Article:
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Rebels make major push into key Yemeni port city

They seized several sites in Aden, the exiled president's last stand, including his palace.

SANA'A, Yemen - Shiite rebel forces and their allies pushed into the heart of Yemen's second-largest city and seized the presidential palace Thursday, scoring another major advance and exposing the apparent limitations of Saudi-led airstrikes seeking to restore the country's president.

The loss of the southern port city of Aden to the rebel alliance would be a clear setback to the Saudi-run military campaign, which so far has focused on airstrikes as commanders assess whether to mount a potentially difficult and costly ground invasion.

A chief goal of the coalition's offensive is to carve out enough of a safe haven for the return of self-exiled President Abed Rabbo Mansour Hadi, who fled his last redoubt in Aden late last month and took refuge in Saudi Arabia.

But the rebel forces, which already control the capital, Sana'a, have managed to drive deeper into Aden with tanks and heavy armored vehicles, displaying the strength of their arsenal and demonstrating their ability to withstand the nearly round-the-clock aerial attacks that began last week.

It was unclear how long the resistance to the rebel advance could hold on.

Residents said pro-Hadi groups in the city, called Popular Committees, appeared to have largely disbanded or fell back during the fighting. The Shiite rebels, known as Houthis, and their allied fighters reached as far as the central Crater district, their deepest move into Aden, a key port and gateway to Yemen's south.

Ordinary citizens, armed with automatic weapons but heavily outgunned, then rushed into the battle in quickly formed ragtag militias, offering a guerrilla-style defense of the last major foothold of Hadi's government.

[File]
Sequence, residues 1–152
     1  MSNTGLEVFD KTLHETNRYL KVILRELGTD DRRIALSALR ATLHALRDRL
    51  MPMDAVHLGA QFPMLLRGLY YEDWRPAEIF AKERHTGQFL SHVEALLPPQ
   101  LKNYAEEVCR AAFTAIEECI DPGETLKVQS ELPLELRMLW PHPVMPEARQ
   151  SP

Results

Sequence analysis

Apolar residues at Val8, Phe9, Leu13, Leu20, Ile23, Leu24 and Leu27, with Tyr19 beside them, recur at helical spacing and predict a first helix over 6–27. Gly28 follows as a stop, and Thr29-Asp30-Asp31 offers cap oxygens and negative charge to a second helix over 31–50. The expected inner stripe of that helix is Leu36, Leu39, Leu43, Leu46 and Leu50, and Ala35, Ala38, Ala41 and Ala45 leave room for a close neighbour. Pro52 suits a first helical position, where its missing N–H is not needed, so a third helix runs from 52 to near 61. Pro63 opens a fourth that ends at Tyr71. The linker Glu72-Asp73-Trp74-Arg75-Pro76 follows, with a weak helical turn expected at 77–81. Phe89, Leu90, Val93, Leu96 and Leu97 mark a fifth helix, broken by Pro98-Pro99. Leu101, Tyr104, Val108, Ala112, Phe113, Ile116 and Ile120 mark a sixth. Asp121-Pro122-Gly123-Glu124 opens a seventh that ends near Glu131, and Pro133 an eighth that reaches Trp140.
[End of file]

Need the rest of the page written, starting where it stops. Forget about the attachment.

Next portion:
Holding Aden would earn the rebels another gain: a staging ground to try to control the islands of the Bab al-Mandab strait, one of the world's busiest shipping lanes, at the mouth of the Red Sea.

"For the Houthis, taking over Aden is a continuation of the progress they have been making. They want to show that they are strong on the ground," said Raoof Ahmed Abdullah, a Yemeni political analyst.

Aden has become a test for both sides.

Residents said hundreds of rebels have taken key sites in the advance on Aden, and appeared to be strengthening their ranks with reinforcements. The captured sites included the presidential palace, where Hadi made a final stand before fleeing, witnesses said Thursday.

Various news reports described foreign soldiers arriving in Aden's port amid fighting. Asseri denied that the coalition's forces came ashore. "We didn't have any operations in the port. This was not us," he told reporters in Riyadh.

If the reports are accurate, it could indicate foreign soldiers are arriving to evacuate more citizens from the city.

Security officials, meanwhile, told the Associated Press that al-Qaeda militants stormed a prison in Mukalla, 300 miles east of Aden, freeing about 300 inmates, including scores of militants.